One can find recycling containers having a name tag using an Overpass Query:

node({{bbox}})
  [name]
  [amenity=recycling]
  [recycling_type!~centre];
out meta;

Excessive use of recycling:*=no

Some recycling containers have plenty recycling:*=no tags. According to the Wiki anything not having an recycling:*=yes is implicitly recycling:*=no. In some rare cases the explicit use of recycling:*=no might be helpful but in most cases it seems excessive and unnessesary.

Overpass Query:

node({{bbox}})
  [amenity=recycling]
  [~"^recycling:"~"no"];

out meta;

Incomplete Tagging

Many recycling stations are insufficiantly tagged, missing recycling:* or recycling_type=[container|centre] tags.

In many cases one can assess whether an object describes a container, recycling centre or landfill from satellite imagery. Recycling centres can also be recognized by their name. In some cases containers can also be recognized via satellite imagery (e.g paper containers in Goslar are alway moss green and in Koblenz they are blue).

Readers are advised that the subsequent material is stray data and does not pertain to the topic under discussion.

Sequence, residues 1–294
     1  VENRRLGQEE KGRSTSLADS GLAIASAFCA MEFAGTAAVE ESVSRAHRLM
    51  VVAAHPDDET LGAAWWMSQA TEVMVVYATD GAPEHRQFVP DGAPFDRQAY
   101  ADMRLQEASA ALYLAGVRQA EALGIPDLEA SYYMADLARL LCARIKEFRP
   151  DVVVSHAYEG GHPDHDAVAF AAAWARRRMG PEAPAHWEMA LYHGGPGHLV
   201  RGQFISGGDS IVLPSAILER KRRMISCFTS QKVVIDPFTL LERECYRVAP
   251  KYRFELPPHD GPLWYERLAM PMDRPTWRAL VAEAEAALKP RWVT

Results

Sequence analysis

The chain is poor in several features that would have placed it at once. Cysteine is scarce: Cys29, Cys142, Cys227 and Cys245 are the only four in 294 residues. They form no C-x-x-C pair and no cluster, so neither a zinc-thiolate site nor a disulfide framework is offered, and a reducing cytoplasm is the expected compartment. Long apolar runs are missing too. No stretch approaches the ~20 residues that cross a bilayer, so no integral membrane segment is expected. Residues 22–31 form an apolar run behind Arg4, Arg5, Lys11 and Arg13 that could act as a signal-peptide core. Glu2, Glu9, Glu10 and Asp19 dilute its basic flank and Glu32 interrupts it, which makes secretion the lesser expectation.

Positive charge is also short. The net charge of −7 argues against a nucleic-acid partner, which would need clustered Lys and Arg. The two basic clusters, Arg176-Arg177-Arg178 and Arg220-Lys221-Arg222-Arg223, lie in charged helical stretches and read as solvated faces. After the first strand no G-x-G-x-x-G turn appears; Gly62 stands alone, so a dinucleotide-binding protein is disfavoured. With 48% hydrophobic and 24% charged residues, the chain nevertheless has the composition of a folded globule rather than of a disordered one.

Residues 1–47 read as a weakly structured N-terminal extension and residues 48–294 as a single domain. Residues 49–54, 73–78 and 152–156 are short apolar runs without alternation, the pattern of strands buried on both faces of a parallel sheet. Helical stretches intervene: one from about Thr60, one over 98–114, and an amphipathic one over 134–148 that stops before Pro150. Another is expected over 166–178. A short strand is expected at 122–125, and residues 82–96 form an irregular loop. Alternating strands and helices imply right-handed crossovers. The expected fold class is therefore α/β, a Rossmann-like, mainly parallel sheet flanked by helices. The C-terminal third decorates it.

Recycling stations without recycling:*=yes tags can also be found with an Overpass Query:

node({{bbox}})
  [amenity=recycling]
  [recycling_type!~centre];

(
  node._[amenity=recycling] -
  node._[~"^recycling:"~"."]
);

out meta;

Usage period (opening_hours)

To avoid noise pollution recycling containers have a defined usage period which is usually regionally uniform and can be expressed with opening_hours tags. Unfortunately it is not wiedely used.

Overpass Query:

node({{bbox}})
  [amenity=recycling];

(
  node._[amenity=recycling] -